The Information Association
The Knowledge People
Information Matters UK

Really? REALLY?!?! Did CILIP actually pay someone for this nonsense? It looks like they had a hard day in the office, it was late on a Friday afternoon, they managed to force out one or two vaguely OK ideas, and then threw in a few others just to bulk up the list. As someone online has already pointed out, at least one of the names is already (or was) a registered company, so probably couldn’t even be used. Info Pro UK looks like someone couldn’t even be bothered to write out words in full. The Knowledge People sounds like a spin-off from The Tomorrow People TV series. Information Matters is a statement, not an organisation name. And why the obsession with using UK in the name? Are people likely to get confused with The Knowledge People USA or Info Pro USA when they make comments on UK library matters??

And all of these options completely disregard one important aspect of the name: CILIP is a body which awards and regulates the professional qualification of a Charter. A Chartership is recognised through many professions as the mark of an advanced and skilled professional in that field. Would any other Chartership awarding body ever consider dropping that aspect from its title? Could we have The Institute of Architects of Scotland, rather than ICAS? Or The Royal Institute of Surveyors rather than RICS? It’s unlikely. Yet our own professional body is considering dropping the most visible element of its name that identifies its members as professionals. It seems like a huge step backwards to me, and so, I spent a whole 3.5 minutes thinking of other names, which include the word Chartered in them:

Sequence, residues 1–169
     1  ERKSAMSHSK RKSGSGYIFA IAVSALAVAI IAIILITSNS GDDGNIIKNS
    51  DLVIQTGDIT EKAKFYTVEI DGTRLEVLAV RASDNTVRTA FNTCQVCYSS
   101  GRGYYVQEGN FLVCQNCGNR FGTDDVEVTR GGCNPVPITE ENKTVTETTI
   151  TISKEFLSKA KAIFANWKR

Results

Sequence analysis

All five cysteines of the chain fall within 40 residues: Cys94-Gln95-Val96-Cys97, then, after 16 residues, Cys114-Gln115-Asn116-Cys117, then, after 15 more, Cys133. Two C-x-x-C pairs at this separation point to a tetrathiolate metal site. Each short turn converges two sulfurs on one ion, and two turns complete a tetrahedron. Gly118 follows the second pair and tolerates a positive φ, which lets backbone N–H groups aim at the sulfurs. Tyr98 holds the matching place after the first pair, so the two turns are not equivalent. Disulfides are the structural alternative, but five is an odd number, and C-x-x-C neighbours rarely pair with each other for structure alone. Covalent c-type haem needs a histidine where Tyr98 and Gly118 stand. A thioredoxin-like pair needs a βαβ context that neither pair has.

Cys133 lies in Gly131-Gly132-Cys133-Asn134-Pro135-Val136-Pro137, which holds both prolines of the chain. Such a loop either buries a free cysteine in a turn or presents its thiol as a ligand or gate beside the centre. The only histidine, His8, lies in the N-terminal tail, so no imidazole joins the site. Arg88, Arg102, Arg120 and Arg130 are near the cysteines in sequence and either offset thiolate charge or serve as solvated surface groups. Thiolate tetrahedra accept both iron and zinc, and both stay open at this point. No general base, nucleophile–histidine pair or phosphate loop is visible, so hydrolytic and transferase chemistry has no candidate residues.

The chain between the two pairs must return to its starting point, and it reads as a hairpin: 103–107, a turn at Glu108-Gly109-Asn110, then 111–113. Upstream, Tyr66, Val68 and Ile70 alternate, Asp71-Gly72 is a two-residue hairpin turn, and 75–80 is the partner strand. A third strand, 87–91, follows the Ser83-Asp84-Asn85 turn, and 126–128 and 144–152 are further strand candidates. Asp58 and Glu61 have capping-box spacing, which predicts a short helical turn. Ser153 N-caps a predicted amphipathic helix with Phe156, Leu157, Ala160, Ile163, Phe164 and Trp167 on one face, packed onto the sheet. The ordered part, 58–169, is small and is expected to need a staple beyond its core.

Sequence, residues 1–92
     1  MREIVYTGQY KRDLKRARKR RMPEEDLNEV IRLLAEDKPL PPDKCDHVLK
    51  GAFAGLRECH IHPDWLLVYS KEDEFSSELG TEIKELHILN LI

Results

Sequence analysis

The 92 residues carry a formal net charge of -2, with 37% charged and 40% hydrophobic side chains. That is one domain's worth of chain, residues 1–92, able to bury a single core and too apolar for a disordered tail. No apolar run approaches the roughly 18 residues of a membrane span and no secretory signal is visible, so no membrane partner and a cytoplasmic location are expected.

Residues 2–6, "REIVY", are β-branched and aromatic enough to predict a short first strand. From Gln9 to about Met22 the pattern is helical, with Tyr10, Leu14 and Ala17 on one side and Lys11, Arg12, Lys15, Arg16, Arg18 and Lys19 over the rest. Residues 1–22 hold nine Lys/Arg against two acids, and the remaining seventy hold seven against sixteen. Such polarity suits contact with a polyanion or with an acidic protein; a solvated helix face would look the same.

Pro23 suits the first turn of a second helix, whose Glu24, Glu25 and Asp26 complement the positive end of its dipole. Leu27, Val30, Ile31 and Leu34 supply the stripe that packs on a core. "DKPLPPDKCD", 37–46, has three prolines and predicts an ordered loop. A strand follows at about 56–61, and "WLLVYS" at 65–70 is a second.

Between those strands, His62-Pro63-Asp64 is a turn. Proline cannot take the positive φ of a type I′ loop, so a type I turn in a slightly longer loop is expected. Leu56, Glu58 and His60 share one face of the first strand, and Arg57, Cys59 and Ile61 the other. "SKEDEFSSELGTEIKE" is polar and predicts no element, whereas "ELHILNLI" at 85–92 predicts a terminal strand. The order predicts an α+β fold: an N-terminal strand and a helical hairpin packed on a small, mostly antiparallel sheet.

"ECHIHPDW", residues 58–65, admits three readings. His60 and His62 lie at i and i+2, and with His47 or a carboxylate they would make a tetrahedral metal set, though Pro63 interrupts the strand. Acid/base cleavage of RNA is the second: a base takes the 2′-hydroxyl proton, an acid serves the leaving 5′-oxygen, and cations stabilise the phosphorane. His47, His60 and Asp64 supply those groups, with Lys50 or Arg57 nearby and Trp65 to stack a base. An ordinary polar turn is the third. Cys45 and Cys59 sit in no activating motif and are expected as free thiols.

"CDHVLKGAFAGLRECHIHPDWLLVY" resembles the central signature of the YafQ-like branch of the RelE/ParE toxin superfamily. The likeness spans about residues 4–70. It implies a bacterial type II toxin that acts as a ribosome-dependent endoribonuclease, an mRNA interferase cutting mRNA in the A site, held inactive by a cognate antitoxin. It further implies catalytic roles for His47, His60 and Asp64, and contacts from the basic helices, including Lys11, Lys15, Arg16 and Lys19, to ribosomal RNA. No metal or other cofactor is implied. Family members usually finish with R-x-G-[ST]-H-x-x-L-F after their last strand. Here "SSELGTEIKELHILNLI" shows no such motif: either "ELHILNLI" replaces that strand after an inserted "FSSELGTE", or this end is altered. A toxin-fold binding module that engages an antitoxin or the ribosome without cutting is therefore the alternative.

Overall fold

Chartered Information Professionals Association (CIPA)
Chartered Information Management Association (CIMA)
Institute of Chartered Information Managers (ICIM)
Chartered Information and Knowledge Management Association (CIKMA)